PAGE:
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7 Halloween Mishaps and How to Avoid Them

by BROOKE GOLD HASSON | Oct 15, 2015

HalloweenMishapsFrom adorable trick-or-treaters roaming the streets to haunted houses and scary movies, Halloween is a holiday many Florida families look forward to each year.

However, there are some not-so-fun frights just waiting to cause mischief. Here are seven common Halloween mishaps and what you can do to avoid them.

Jack-O-Lantern on Fire

Carving pumpkins is one of the most beloved Halloween traditions. Unfortunately, Halloween is one of the top five days of the year for fires started by uncontrolled candles. Using candles to illuminate your spooky creations could pose a serious fire hazard.

What to Do: Illuminate jack-o-lanterns with battery-operated candles or flashlights instead of real candles.

Scaredy Cats (and Dogs)

While it may be tempting to dress Fluffy and Fido up in adorable costumes to greet trick-or-treaters this Halloween, you may want to think twice.

The constant excitement of children ringing the doorbell can overwhelm pets. If you’re hosting a Halloween party, the unfamiliar masks and costumes may spook pets too.

What to Do: Let your pets have their own Halloween “party.” Keep them in a separate room away from all the Halloween excitement. They’ll appreciate it – and so will you!

“Trip” or Treat

Carefully think through trick-or-treater safety when decorating “the scariest house on the block.” If someone trips and falls over a decoration on your property, you may be liable for their injuries.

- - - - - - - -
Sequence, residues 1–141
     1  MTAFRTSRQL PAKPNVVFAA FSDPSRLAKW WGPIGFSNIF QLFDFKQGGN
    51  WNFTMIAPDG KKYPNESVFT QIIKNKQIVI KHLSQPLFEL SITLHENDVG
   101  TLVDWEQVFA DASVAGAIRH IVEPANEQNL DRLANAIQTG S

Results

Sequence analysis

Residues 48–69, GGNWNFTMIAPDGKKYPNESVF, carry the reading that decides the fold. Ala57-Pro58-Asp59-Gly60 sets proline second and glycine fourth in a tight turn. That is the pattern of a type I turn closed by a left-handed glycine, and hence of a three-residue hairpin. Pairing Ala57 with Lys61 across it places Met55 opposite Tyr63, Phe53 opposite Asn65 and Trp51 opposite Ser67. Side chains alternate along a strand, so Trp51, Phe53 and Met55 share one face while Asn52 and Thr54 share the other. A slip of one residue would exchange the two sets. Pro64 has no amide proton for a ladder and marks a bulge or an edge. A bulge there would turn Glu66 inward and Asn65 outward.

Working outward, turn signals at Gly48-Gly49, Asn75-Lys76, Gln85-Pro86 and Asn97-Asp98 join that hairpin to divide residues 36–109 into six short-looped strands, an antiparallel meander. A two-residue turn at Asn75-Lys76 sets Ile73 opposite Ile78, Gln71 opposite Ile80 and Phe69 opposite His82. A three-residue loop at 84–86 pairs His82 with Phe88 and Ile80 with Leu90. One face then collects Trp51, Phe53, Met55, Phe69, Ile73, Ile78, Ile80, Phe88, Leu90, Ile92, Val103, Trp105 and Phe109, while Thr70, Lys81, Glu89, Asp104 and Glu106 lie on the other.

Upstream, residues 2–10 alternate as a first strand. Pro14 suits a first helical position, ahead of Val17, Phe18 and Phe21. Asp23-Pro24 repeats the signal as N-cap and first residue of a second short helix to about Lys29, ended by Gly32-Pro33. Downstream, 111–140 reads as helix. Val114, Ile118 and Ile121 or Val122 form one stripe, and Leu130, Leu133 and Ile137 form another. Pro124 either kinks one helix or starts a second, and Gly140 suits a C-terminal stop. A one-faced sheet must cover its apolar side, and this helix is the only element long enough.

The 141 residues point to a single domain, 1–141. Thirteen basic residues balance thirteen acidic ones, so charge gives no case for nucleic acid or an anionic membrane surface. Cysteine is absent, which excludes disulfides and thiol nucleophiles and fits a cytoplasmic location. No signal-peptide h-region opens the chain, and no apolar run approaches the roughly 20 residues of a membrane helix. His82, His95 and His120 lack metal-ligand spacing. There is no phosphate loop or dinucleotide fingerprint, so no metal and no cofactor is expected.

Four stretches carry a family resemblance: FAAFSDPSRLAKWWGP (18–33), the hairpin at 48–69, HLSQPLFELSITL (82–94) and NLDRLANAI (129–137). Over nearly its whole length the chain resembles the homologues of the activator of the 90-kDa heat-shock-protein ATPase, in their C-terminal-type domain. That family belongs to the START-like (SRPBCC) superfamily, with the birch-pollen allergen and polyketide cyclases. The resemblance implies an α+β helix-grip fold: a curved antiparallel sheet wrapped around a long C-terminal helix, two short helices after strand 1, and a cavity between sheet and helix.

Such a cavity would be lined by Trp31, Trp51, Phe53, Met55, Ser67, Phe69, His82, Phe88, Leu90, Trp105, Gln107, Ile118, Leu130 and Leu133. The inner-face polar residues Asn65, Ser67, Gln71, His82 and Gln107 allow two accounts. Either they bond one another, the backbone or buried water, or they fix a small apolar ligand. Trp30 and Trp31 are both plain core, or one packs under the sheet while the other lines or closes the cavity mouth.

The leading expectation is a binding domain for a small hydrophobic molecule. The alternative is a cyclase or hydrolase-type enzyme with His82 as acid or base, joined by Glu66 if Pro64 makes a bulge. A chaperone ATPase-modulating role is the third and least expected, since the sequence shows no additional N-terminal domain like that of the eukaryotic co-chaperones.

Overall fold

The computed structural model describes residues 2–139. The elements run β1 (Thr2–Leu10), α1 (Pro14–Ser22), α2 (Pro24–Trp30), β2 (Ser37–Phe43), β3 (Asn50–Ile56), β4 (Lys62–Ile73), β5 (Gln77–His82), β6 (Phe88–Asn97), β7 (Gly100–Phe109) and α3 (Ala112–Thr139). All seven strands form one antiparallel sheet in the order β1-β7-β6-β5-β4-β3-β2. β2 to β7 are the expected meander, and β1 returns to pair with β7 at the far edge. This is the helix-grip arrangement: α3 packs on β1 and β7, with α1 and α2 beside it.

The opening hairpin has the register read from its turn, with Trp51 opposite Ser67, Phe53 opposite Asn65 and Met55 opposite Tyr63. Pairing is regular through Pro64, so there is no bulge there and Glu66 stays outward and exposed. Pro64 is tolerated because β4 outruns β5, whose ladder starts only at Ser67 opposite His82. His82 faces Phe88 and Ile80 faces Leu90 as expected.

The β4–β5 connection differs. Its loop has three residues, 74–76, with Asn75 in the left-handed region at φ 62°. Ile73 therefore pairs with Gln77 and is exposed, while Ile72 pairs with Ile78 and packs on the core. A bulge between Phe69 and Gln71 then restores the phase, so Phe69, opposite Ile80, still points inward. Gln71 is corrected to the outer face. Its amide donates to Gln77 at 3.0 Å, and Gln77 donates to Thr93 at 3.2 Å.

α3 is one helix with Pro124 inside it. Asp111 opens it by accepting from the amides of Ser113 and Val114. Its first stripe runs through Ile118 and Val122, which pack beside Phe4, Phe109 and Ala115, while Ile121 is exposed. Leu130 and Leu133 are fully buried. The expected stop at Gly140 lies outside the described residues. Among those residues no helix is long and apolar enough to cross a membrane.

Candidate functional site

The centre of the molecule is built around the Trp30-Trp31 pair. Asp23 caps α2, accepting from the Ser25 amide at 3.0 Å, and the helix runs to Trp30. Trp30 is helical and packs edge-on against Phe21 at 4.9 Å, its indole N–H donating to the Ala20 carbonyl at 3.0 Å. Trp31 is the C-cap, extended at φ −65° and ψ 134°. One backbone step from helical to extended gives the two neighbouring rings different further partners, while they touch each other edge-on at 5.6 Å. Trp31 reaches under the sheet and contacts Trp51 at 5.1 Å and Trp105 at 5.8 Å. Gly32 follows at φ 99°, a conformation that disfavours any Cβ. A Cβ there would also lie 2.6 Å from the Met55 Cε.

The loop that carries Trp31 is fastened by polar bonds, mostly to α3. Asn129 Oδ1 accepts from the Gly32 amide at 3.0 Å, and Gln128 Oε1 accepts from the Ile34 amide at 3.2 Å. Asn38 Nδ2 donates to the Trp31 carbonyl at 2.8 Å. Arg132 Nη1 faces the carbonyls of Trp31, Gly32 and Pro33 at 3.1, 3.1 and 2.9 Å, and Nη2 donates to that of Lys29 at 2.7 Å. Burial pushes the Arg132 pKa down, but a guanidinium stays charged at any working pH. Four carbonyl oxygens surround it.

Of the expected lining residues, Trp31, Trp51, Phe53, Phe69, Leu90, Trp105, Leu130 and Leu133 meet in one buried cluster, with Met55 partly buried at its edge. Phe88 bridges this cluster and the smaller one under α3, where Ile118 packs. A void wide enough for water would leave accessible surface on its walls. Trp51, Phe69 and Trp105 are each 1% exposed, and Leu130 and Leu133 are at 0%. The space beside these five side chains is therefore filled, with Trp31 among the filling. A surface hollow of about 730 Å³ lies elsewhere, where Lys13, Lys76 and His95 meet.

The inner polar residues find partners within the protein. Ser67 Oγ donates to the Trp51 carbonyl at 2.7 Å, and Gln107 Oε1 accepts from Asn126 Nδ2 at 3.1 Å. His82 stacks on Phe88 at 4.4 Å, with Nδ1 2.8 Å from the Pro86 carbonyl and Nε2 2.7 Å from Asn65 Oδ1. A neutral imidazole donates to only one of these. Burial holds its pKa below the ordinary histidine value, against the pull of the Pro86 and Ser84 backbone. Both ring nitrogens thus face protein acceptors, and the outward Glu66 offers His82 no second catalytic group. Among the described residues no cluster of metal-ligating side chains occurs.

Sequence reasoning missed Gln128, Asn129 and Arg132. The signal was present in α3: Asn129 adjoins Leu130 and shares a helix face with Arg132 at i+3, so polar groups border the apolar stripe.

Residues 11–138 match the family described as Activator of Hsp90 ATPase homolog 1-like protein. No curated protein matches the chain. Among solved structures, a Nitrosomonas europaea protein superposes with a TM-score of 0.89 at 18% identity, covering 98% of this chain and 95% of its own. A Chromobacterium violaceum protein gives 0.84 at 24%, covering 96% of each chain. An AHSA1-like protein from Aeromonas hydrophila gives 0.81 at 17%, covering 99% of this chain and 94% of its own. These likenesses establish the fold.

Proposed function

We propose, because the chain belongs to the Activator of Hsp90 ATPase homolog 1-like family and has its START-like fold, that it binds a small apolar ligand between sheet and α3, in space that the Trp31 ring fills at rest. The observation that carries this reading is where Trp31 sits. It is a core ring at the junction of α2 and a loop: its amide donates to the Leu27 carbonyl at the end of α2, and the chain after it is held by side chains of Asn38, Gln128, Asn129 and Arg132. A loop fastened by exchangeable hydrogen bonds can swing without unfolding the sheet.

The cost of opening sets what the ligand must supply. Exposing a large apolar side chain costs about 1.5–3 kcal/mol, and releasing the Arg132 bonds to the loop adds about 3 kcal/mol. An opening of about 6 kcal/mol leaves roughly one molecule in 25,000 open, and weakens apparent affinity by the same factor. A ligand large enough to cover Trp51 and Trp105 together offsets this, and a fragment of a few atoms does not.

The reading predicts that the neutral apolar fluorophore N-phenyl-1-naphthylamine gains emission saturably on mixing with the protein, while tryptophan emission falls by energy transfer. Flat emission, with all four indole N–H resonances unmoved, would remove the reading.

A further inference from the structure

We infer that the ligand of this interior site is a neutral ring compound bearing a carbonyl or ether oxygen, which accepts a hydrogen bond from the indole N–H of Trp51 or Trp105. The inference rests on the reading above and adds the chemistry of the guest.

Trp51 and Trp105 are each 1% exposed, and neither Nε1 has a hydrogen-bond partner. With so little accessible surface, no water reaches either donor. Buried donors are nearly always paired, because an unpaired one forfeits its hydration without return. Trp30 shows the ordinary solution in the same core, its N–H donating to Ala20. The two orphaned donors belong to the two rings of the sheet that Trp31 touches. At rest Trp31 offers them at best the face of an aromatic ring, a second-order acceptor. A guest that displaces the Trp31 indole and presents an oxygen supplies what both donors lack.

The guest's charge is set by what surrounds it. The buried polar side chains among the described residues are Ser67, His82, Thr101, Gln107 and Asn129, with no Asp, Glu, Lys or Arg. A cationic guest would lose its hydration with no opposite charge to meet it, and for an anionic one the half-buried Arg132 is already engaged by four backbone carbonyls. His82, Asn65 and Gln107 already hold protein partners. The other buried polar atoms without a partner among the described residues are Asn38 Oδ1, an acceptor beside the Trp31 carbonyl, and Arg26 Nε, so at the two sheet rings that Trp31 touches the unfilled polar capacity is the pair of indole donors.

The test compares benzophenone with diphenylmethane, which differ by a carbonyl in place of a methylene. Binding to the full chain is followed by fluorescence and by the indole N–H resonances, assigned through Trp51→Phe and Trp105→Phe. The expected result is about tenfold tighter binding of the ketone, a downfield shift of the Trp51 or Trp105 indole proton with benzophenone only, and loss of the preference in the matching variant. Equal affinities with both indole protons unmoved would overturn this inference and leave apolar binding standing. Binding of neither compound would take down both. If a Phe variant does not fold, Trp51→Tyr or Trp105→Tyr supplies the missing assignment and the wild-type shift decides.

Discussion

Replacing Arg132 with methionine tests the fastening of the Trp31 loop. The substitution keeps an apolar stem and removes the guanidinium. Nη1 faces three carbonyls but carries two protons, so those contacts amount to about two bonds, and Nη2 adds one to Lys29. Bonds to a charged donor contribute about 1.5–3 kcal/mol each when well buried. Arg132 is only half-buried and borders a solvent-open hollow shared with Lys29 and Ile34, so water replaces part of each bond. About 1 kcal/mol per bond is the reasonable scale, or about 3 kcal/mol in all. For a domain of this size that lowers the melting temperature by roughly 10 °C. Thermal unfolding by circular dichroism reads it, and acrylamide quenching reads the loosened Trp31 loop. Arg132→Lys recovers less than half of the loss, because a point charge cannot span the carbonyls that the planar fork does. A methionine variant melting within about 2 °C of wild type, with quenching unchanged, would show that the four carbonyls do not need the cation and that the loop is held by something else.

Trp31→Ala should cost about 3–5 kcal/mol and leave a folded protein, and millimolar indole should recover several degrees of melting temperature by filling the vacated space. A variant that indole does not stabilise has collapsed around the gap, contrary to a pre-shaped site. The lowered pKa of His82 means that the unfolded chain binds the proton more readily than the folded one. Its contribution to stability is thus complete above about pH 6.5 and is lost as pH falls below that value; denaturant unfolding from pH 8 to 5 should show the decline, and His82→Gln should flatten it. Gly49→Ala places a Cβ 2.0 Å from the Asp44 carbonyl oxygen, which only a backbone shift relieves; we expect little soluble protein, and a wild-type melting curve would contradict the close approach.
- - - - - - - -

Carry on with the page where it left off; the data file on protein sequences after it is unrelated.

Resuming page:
What to Do: Enjoy a trip-free Halloween by clearing a path from the sidewalk to your front door – clear of tombstones, giant monsters and creepy cobwebs.

All Hallow’s Eve Pranksters

Whether it’s called “Mischief Night,” “Devil’s Night” or some other regional variation, the night before Halloween is prime time for pranksters to unleash their villainy – everything from egg-covered houses and toilet paper-filled yards to smashed pumpkins and broken windows. While many of these pranks are relatively fun and innocent, they can also wreak havoc on your home.

What to Do: Keep your house well lit, cut back trees and shrubs and report any suspicious or criminal activity to local authorities. Don’t lure pranksters in… Keep your Halloween candy bowl inside, not sitting on the front porch.

Dangerous Lights

Decorative lights are a wonderful way to show off your Halloween spirit. However, if not handled properly, decorative lights can turn into a fire and electrocution hazard. 

What to Do: Make sure your decorative lights have safety certifications, such as from UL (Underwriters Laboratories). Check for broken or cracked sockets, frayed wires or loose connections and discard any damaged lights.

Beware of the Scarecrow

As the Wizard of Oz taught us, dried cornstalks, hay and straw scarecrows do not mix well with heat. These classic Halloween decorations are highly flammable. If they get hot enough, they can catch on fire.

What to Do: Keep flammable decorations away from open flames and heat sources, including light bulbs and heaters. Making a jack-o-lantern scarecrow? Light it up with battery-operated candles or flashlights instead of real candles. Consider opting for plastic, flame resistant decorations instead of flammable straw scarecrows this year.

Poisoned Pets

Did your little ghoul score some delicious candy this year? Beware – Halloween treats like chocolate and candy are extremely toxic to pets and may trigger life-threatening allergic reactions if ingested.

What to Do: Keep Halloween candy in a high cabinet secured with a lock or child-safety latch. Keep an eye on children to ensure that they don’t accidentally share their well-earned treats with pets.

People’s Trust Insurance wishes everyone a thrilling and safe Halloween!